• Home
  • |
  • Blog
  • |
  • Skin Protection From The Summer Sun

May 28, 2012

Skin Protection From The Summer Sun

The Summer Sun and SkinSkin Protection

Well, Memorial Day weekend is the unofficial beginning of summer, and by the looks of it it’s going to be a hot one for most of the United States. So, it’s a good time to talk about skin protection.

Sunshine is healthy, but like nearly everything else too much can be harmful, and that is certainly the case when it comes to sun exposure. If it’s too hot this summer that may be a blessing in disguise for your skin as you may find yourself spending more time indoors in the air conditioning and out of the sun.

Skin Tips for the Sun

Stay hydrated:  Skin protection starts with fluids. Drink plenty of fluids. Most of our body and skin is made up of water.  The heat and the sun will lead to skin dehydration affecting the overall health of the skin.  Water moves nutrients and oxygen into our cells and facilitates the removal of toxins and other waste products from the skin and body. Water is the best fluid choice. Teas are a good option, too.  Stay away from the soft drinks and sports drinks. The sugar in them leads to increase inflammation increasing the chances of sunburn. Plus, they can dehydrate you from the caffeine in them, which is a diuretic (teas contain some caffeine, too, but have much more health benefits).

Watch what you eat:  What you eat is important, too.  High glycemic foods are inflammatory and thus damaging to the body including the skin. High glycemic foods are those that cause a rapid rise in blood sugar and insulin (soft drinks). Focus on eating low glycemic foods. Vegetables and most fruits are low glycemic. Avoid packaged and processed food as much as possible. The omega-3 fatty acids found in fish oil is a natural anti-inflammatory, and unless you take a blood thinner doses of 4,000 to 6,000 mg are safe.

Sunscreen:  Did you ever wonder what people did for skin protection before sunscreen ?  Sunscreen is a relatively new invention when you think about it, and I question how important sunscreens really are if you follow the first 2 tips above. People have been able to avoid skin cancer for centuries without sunscreens.

But, having said that the recommendations by most dermatologists is to apply a sunscreen with an SPF of 30 or higher. The FDA has made some changes in the way sunscreens are now labelled.  There are 2 main types of ultraviolet radiation rays that concerns the skin. UVB rays are associated with skin cancer and UVA rays lead to accelerated aging of the skin. For ultimate skin protection look for a broad spectrum sunscreen that provides equal protection against UVB and UVA rays.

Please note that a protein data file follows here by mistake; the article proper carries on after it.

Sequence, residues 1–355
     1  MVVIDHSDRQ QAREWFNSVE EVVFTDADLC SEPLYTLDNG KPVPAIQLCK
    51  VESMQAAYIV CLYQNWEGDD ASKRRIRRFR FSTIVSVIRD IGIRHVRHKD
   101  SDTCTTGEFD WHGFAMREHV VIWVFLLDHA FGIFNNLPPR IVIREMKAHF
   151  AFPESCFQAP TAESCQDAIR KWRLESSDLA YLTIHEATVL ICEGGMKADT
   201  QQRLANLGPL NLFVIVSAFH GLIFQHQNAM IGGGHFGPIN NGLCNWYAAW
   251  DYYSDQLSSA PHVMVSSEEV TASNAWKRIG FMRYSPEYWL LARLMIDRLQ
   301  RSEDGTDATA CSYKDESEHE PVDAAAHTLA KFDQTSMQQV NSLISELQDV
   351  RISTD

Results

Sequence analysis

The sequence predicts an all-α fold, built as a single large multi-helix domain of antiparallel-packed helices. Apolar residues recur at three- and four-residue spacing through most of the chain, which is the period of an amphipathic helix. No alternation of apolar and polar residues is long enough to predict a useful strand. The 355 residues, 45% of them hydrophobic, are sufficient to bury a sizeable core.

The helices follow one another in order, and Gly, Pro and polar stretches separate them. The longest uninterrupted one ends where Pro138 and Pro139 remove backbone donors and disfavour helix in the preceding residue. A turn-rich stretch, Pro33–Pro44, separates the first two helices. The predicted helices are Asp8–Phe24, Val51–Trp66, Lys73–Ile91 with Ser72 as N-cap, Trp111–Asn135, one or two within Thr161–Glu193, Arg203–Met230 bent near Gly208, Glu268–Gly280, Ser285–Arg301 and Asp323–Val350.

Reapply sunscreens every two hours – more frequently if you’re swimming or water skiing.

Don’t forget those precious lips.  Apply lip balm with an SPF of 30 or higher.

Clothing:  Clothing does provide some SPF protection. The best protection comes from the Spandex® and nylon long-sleeved shirts used in water sports. They can be found with SPF of 50 or more. Cotton shirts do not provide much protection and even less protection if they get wet.  Hats can shield the face from the sun as can umbrellas.

Read the following articles to learn more about skin health.

“Non-Genetic Factors of Skin Aging”

“Anti Aging Wrinkle Prevention: Healthy Foods”

“Anti Ageing Skin Treatments: Prevent Inflammation”

“The Role of the Sun in the Aging Process”

“Stems Cell and Anti Ageing: Looking and Feeling Your Best”

Skin: Anti Aging Tips”

 

 

Related Posts

The Best Anti Aging Hand Cream To Invest In

The Best Anti Aging Hand Cream To Invest In

Does Verisol Reduce Wrinkles?

Does Verisol Reduce Wrinkles?

How You Can Make the Most of an Apple Cider Vinegar Bath

How You Can Make the Most of an Apple Cider Vinegar Bath

How to Make Your Own Natural Deodorant and Why You Should

How to Make Your Own Natural Deodorant and Why You Should

Dr. Joe Jacko


Dr. Joe is board certified in internal medicine and sports medicine with additional training in hormone replacement therapy and regenerative medicine. He has trained or practiced at leading institutions including the Hughston Clinic, Cooper Clinic, Steadman-Hawkins Clinic of the Carolinas, and Cenegenics. He currently practices in Columbus, Ohio. Read more about Dr. Joe Jacko

{"email":"Email address invalid","url":"Website address invalid","required":"Required field missing"}